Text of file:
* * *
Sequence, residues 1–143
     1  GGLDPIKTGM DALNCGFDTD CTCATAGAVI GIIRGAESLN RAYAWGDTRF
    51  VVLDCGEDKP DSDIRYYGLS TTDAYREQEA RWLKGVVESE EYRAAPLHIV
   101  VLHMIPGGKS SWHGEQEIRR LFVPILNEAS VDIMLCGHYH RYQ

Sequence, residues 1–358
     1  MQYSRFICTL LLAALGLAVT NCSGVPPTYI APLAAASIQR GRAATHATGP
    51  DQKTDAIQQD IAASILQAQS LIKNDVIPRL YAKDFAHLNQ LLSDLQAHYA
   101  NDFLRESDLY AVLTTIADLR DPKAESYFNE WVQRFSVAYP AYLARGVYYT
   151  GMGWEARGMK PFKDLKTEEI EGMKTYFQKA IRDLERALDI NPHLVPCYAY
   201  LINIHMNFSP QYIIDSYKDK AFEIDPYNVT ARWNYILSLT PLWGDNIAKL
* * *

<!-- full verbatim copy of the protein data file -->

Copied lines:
Sequence, residues 1–143
     1  GGLDPIKTGM DALNCGFDTD CTCATAGAVI GIIRGAESLN RAYAWGDTRF
    51  VVLDCGEDKP DSDIRYYGLS TTDAYREQEA RWLKGVVESE EYRAAPLHIV
   101  VLHMIPGGKS SWHGEQEIRR LFVPILNEAS VDIMLCGHYH RYQ

Sequence, residues 1–358
     1  MQYSRFICTL LLAALGLAVT NCSGVPPTYI APLAAASIQR GRAATHATGP
    51  DQKTDAIQQD IAASILQAQS LIKNDVIPRL YAKDFAHLNQ LLSDLQAHYA
   101  NDFLRESDLY AVLTTIADLR DPKAESYFNE WVQRFSVAYP AYLARGVYYT
   151  GMGWEARGMK PFKDLKTEEI EGMKTYFQKA IRDLERALDI NPHLVPCYAY
   201  LINIHMNFSP QYIIDSYKDK AFEIDPYNVT ARWNYILSLT PLWGDNIAKL